Comedy


This screenshot is actually from our skillshare and chat, Quarantine Cuties, which was tons of fun and featured some amazing how-tos from awesome ladies, but which in all honesty, turned out to be not the best fit for IG Live. IG Live has an audience and is easy for your followers to access, but it is difficult to frame correctly, especially if you're doing a demo of some sort.


We do, however, think this might be a great medium for comedians! In comedy, going virtual has been tough because most platforms will have you performing to dead air -- and comics need audience energy to amplify their work! With IG Live, you can have one person (who would normally be your host) going live with the talent on your lineup one-by-one. Comedians can then just talk or actually do a set with at least the host giving back live feedback and energy. They won't hear viewers but they can see them spamming the heart button or sending in crying-while-laughing emojis.


Very important! Make sure you are in a place with a stable Wifi connection and good signal. Boot anything inessential off your Wifi before you stream, and test with your co-star through an IG Direct video chat beforehand.


Film

This is probably the easiest art form to move to a digital platform since people watch most of their movies on their devices anyhow. But you can still get creative! Host a watch party on Facebook Live or do a Zoom screening of your latest work. Or, inspire other creators to work together -- for example, use TikTok to string shots from different filmmakers together to tell a story!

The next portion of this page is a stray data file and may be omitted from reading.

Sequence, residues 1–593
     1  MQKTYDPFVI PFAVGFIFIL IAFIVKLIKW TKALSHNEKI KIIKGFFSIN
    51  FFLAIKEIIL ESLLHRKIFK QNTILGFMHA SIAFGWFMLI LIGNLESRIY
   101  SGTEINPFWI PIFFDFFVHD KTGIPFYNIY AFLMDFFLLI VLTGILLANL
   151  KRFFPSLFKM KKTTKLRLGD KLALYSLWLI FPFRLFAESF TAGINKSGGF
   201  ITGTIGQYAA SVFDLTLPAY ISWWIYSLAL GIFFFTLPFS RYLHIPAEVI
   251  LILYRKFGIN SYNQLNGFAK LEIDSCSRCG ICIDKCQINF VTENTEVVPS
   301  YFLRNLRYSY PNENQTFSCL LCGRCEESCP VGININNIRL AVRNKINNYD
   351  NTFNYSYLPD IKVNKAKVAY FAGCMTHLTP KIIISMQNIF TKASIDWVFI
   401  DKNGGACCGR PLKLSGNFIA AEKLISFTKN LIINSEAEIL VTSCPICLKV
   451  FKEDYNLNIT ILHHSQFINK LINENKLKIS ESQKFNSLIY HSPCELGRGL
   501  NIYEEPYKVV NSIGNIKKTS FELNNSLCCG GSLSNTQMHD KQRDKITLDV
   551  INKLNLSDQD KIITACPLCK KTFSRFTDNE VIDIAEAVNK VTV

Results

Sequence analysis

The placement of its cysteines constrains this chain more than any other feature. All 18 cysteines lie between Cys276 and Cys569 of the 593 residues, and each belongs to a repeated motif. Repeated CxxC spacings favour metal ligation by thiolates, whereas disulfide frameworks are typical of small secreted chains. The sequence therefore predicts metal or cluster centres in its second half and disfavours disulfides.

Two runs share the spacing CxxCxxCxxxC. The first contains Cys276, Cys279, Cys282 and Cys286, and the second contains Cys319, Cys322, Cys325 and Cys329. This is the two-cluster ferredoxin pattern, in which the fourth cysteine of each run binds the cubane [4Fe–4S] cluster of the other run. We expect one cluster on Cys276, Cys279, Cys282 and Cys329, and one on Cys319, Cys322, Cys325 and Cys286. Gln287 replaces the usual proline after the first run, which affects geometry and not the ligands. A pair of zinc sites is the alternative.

Theater

For theatermakers, doing a reading via Zoom is the easiest way to share your work online. Play around and figure out how you can best utilize the platform! Get a tech operator to toggle people's cameras and mics for dramatic effect. Push your performers to use at-home lights, props and multiple camera devices to bring higher quality or more nuance into their work. Use green screens and virtual backgrounds to create "sets"- -- you can even use GIFs or short video clips, much in the way you might use projections in real life!


Other Fun Ideas for Any Field

  • Host a Panel: Get your artists, administrators and field experts together to discuss hot topics in your field. You can do this as a webinar or livestream.

  • Workshops: Share what you know! Many artists are using quarantine as an opportunity to learn new skills. This is also a great way of introducing your work to new audiences.

  • Write Together: Writers and poets, like filmmakers, are almost pre-positioned for success in a virtual art world. But there are still many ways for writers to use virtual platforms to stretch their artistic limits! Try using Padlet or even a simple Google Doc to co-write or co-create with others. (Padlet also comes in handy as a storyboarding, timeline or world building tool!)


Last but not least, if you're going digital, you have an opportunity to make your programming accessible for those with hearing or visual impairments. Here are tips on accessibility for the deaf and hearing-impaired, and a list of audio description services for the visually impaired. See more general information here.